There has been one ongoing now for some time which meets at Avol's Books Wednesday & Friday evenings at 6.

Now a new SC has been started. It's to meet at Café Zoma at 7 tonight. I haven't been at the one that meets at Avol's in a while now but it was always fun and interesting. The crowd there was mostly middle aged or older but no matter. There were occasions where one would have to wade through a sea of speculation by a couple guys about aliens from outer space influencing human civilization but I tried to not let that distract me from good philosophical discussion. If I recall the words of Kevin at CZ this morning, this new SC was started by his co-barista, Erin. So perhaps this is aimed at a younger crowd. I won't be able to attend as I'll be at the culinary lecture I mentioned in a previous entry but I'll try to catch the next one.
|| Palmer, 11:06 AM || link || (0) comments |

More Culinary Science Tonight

I attended "Cooking Philosophies: A Chefs' Debate" last night at the State Historical Society. It was a roundtable discussion featuring Madison chef Tory Miller (L'Etoile Restaurant), Tami Lax (Harvest Restaurant), Madison food writer Raphael Kadushin, and Harold McGee (noted author and science writer). I'll post an account of it later along with some pictures and video clips.

Mr. McGee returns tonight with "Playing With Food: Three Centuries of Science in the Kitchen":

Harold McGee will recount some of the little-known history of food preparation and its influence on the development of science, and report on his own research into such questions as: Why do French cooks insist on whipping egg whites in copper bowls? How many liters of mayonnaise can you make with one egg yolk? Can thermocouples and computers help you cook a better hamburger? And why does the spatter from a frying pan end up on the inside of a cook's eyeglasses?

It's at 7:30 in room 1800 of Engineering Hall.
|| Palmer, 9:51 AM || link || (0) comments |

22 February, 2006

The Passion of Benny Hill

Sick, but humorous. (Via Pharyngula)
|| Palmer, 10:08 PM || link || (0) comments |

Word of the Week

Since I've been enjoying some tasty brews lately and am planning on attending a couple lectures on cooking this week:

sybaritic (sib-uh-rit'-ick) adj. furnishing gratification of the senses, hedonistic, voluptuous, luxurious.
|| Palmer, 7:24 AM || link || (1) comments |

21 February, 2006

Religion on Parade

I recently had a (very) brief exchange with a co-worker regarding my views on religion. I had told him that I had put the infamous Danish cartoons on my blog and made some comment about the riots that have raged in the Muslim world over them. He then said asked if I felt negatively about Christianity as well. I told him that I did. I told him that I was an equal opportunity disliker of religion. I went so far as to say that I'd love to see religion disappear totally. His retort was a common one, namely, that, even if religion suddenly disappeared, we would still have many things to kill each other over.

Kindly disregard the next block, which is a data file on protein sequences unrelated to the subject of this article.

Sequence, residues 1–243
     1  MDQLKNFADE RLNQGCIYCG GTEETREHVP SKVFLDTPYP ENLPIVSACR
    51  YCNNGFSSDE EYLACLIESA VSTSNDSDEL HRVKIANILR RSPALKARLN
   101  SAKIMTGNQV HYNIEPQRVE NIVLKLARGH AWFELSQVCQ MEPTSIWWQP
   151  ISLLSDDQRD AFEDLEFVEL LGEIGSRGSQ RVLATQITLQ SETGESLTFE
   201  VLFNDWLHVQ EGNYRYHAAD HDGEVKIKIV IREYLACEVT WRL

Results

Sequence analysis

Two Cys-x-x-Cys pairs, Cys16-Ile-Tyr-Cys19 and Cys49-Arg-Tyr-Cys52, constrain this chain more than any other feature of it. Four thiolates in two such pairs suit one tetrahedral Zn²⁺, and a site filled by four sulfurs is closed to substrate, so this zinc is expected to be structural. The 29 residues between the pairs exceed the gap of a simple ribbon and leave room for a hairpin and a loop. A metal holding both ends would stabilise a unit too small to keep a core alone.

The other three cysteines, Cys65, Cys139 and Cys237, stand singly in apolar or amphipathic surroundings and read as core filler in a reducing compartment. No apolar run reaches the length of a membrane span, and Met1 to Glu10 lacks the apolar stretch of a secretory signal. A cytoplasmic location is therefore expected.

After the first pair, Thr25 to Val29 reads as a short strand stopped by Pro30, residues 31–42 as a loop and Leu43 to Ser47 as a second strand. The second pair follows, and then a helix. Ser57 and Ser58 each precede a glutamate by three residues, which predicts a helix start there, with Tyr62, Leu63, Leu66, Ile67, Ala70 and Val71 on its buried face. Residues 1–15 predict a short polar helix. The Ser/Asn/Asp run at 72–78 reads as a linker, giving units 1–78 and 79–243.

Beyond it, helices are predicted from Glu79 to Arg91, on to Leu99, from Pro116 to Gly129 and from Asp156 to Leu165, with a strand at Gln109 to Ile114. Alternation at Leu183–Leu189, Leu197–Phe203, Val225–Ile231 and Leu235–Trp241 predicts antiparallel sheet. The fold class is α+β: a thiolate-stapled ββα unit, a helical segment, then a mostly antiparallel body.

This is most certainly true. There'd still be wars over land and oil, for example. Race and gender too would still divide humanity. But no religion means less ammunition for all-out violence and hatred. Look at the riots in Nigeria. Muslims killing Christians (including the beating of children to death as the killing of at least one priest in his church) and burning churches. A man had a tire thrown around him, gas poured on him, and was set ablaze. According to this report, 17 people have died, 30 churches raze as well as 5 hotels. And then there's this:

Felix Usman, the priest in charge of St Augustine's Catholic Church in Maiduguri, said he was lucky to escape when his church was attacked and burned by protesters. Another colleague, Matthew Gajere, in charge of St Rita's Catholic Church, was burned to death by rioters inside his church, Usman said.

Don't forget that in the early days of this month, Christians in Nigeria saw this coming.

An umbrella Nigerian Christian body based in the majority Muslim north has condemned the publication of cartoons depicting the Prophet Muhammad.

Even though the cartoons were not the voice of Nigerian Christians, religion provided the fuel for the fire of inter-religious hatred. And the Christians there aren't turning the other cheek:

Christian mobs rampaged through a southern Nigerian city Tuesday, burning mosques and killing several people in an outbreak of anti-Muslim violence that followed deadly protests against caricatures of the Prophet Muhammad over the weekend.

Residents and witnesses in the southern, predominantly Christian city of Onitsha said several Muslims with origins in the north were beaten to death by mobs which also burned two mosques there.

Imagine being able to take away a person's ability to hate someone else just by virtue of that other person's religion. Imagine removing the most combustible of fuels – religion - from conflicts that otherwise have nothing to do with people's beliefs in a deity and instead being able to concentrate on the true grievances.

People of different religions and of no religion at all get along quite well in our country. Perfect? No. But we don't have suicide bombers nor do we have pogroms and the like. Christians didn't riot in the streets over The Last Temptation of Christ. But this isn't because there's anything inherent in Christianity itself, it's because secularism has been pounding away at it for hundreds of years. If it hadn't, there can be little doubt that Christianity would be as barbaric as it was in the Middle Ages. The founders of our country studied history. They knew what the wars of religion did to Europe a couple centuries previous to theirs. I think they created a secular state because they knew exactly what a powder keg religion can be and how it can be used to deter peace.